Roundtable: Working Beyond Boundaries

Working beyond boundaries

Designed partly to supplement the Mayor’s draft Infrastructure Investment Plan, Future of London’s multi-part London 2050 programme looks at the spatial and practical aspects of accommodating growth. It started with an internal FoL Steering Group presentation, and expanded to a June 2014 session at City Hall: London 2050 – Grow up or grow out?.

This senior roundtable is the first in a series of follow-up events and briefings that will look in depth at delivery and governance issues.

Population is a central focus for London’s strategic planners, with the Capital projected to grow by almost two million people to 2031. The GLA’s recent Strategic Housing Land Availability Assessment (SHLAA) has identified sufficient development sites within GLA boundaries for the new homes required by demographers’ projections; the SHLAA in turn has informed the current draft Further Alterations to the London Plan.

However, there’s a caveat. Part of the population jump in recent years is linked to a decrease in population outflows from London to the wider South East (approx. 20,000 p.a.) following the financial crisis. As the market recovers, demographers predict that outflows will return to pre-crisis levels; this shift is incorporated into London’s population projections and related SHLAA.

What does this projected outflow mean for the wider South East? Since the dissolution of regional spatial strategies in 2010, the Localism Act’s Duty to Cooperate has required local authorities and other public bodies to engage with each other on strategic cross-boundary matters. However, beyond this legal obligation, little such planning is taking place in the region – especially in relation to London – and this is a critical time to start actively preparing for the Capital’s expansion.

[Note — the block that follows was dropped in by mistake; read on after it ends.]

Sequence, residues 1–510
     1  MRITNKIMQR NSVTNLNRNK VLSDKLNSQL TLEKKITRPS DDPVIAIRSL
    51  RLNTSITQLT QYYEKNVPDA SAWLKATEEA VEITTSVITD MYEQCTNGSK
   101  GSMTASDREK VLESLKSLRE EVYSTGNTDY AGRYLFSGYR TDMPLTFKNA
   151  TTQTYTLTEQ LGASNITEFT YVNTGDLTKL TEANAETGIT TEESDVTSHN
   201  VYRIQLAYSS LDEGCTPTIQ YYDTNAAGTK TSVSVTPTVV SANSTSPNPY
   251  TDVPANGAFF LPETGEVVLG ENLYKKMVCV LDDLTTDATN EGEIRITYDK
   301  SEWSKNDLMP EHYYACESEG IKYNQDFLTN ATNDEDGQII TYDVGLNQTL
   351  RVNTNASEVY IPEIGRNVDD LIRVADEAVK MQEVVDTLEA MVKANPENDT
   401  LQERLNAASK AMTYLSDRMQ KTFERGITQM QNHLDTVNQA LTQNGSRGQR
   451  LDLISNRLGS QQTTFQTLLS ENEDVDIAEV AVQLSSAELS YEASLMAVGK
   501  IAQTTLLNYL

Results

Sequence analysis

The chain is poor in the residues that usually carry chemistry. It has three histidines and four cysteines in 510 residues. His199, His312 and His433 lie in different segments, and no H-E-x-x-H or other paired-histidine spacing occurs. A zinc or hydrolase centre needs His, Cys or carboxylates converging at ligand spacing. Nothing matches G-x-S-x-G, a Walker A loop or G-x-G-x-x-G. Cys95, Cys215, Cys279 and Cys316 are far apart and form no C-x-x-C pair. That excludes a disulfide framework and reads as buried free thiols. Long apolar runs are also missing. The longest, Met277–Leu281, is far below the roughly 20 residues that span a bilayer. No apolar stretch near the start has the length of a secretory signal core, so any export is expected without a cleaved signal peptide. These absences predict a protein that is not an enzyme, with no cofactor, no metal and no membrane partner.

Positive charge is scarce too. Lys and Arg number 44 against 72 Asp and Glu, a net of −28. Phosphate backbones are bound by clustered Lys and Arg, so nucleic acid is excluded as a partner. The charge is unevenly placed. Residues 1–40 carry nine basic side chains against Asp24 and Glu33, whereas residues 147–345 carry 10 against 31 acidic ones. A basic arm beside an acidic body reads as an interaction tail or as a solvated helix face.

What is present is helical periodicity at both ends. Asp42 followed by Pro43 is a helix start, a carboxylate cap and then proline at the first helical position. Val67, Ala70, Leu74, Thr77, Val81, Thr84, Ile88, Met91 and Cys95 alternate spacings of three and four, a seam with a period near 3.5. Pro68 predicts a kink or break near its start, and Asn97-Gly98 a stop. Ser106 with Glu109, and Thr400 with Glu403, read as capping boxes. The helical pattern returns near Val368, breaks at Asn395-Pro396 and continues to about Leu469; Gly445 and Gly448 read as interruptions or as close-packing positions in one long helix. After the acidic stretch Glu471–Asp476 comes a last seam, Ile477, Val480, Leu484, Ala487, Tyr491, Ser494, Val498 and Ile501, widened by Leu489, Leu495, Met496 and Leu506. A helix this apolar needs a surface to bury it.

London is already functionally linked with the wider region in many ways: housing, transport, and the economy among them. What cross-boundary strategic planning is in place to support these? What can practitioners and decision-makers learn from existing efforts? Where relations have been fractious, what approaches have worked? Should more be done, and if so, how?

Kindly hosted by AECOM, this roundtable – and a follow-up briefing available on our website – will explore these opportunities and challenges, with a view to sharing best practice and supporting strategic planning efforts in London and the South East.

Working Beyond Boundaries
Date: Friday, 26th September 2014
Time: 9.00-10.30
Venue: AECOM, Midcity Place, 71 High Holborn, London WC1V 6EA (map)

This event is by invitation only. For more information about this roundtable or other work in this series, please get in touch with Jennifer Johnson.


Work on the London 2050 programme continues with:

Comments

  1. Andy Rumfitt says:

    Acheiving any form of (political) concensus on this with the authorities surrounding London will be problematic even with sizeable financial inducements. If we are serious, it is time to look at London’s boundaries (despite the pain of a Local Government Boundary Commission for England) while we are all still in the warm glow of the benefits of democracy following the Scottish Referendum. This has been done twice before, roughly every 50 years, and most recently in 1965 when the 1963 Act came into force. A number of authorities actively toyed with joining London during the 1990s and the potential for increased TfL control over commuter lines would be part of an integrated spatial expansion approach using transport corridors / nodes of development. At the very least, London’s boundary could run out to the M25 which now forms an obvious hard barrier.